Recently at the Pittsfield campus, few students were waiting more eagerly for the last traces of the winter to melt than four seniors who are collaborating on an extended-learning project in which they will build a greenhouse. The idea is to build something that the school will use long after they graduate, and before they drafted the blueprints, the students read up on agriculture instruction at other schools to determine what type of design would be most useful to future classes. They made an oral presentation—one for which they reportedly rehearsed multiple times—to the school board at a public hearing for permission to carry out the construction and completed all the paperwork for the building permits. All the skills they applied to these tasks fulfill the New Hampshire DOE’s language arts expectations, according to Jenny Wellington, a longtime English teacher who serves as the group’s supervisor. The board approved the project, too.
As for the students’ post-graduation plans, two of them plan to enlist in the military, one will join his father’s construction business, and the fourth is headed to the University of New Hampshire to study dairy farming. Still, Wellington said she can see how this project could benefit them as they pursue their careers:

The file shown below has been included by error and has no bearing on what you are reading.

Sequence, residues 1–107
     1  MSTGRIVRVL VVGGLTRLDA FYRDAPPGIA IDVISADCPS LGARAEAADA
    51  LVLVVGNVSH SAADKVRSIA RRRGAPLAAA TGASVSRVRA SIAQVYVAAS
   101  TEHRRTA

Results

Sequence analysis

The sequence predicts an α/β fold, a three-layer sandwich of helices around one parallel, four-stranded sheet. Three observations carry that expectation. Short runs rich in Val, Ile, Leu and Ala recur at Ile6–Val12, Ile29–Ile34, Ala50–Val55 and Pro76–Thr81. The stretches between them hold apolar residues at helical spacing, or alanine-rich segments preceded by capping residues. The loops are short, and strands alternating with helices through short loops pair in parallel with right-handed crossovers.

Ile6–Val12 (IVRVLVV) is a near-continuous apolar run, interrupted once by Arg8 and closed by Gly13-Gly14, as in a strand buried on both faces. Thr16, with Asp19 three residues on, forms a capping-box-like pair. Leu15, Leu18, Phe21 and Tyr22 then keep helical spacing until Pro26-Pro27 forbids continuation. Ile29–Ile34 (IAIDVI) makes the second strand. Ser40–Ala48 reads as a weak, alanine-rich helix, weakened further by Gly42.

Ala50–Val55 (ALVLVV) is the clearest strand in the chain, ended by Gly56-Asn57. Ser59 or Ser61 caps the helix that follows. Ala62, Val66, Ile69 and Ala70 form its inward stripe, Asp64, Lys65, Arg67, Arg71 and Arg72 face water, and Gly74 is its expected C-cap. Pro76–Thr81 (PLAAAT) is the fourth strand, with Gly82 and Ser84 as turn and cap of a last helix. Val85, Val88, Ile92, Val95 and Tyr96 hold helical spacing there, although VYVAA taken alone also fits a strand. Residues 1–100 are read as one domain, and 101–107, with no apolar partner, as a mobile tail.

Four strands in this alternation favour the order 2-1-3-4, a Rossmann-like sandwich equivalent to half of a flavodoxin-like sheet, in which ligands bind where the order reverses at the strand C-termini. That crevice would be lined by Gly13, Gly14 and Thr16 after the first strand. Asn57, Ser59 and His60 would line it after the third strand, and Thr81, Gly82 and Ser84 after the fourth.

“This is what it’s really like to work,” she said.
“It’s about contributing to the community, working together, problem solving—all of the real-world scenarios students are going to face when they get out there on their own.”
Jessica Massey, a Pittsfield senior who manages the school store as part of her project, said the experience has helped her to improve her organizational skills and to think creatively. The store’s inventory includes a modest collection of girls’ formalwear for rent in case someone can’t afford to buy a new prom dress. Massey realized potential customers might be put off if they saw someone they knew modelling the dress on the school store’s website, so she had her cousin, who attends another school, pose in the gowns.
Prior to the school’s adoption of student-centred learning, “it felt like we had a test every other week,” Massey said, adding that the more individualized approach better suits her learning style.
“I don’t do well on tests. I prefer a project where I can take my time.”
And students and officials say the benefits of the non-traditional-learning option extend beyond the academics. Emily Dunnigan, a freshman at Pittsfield who was homeschooled through eighth grade and once hesitated to speak up in class and make friends, said interning with the local community theatre group has helped boost her confidence. She helped to paint the sets for a local production and served as an assistant to the director during rehearsals, and even plans to try out for one of the roles in the next round of auditions.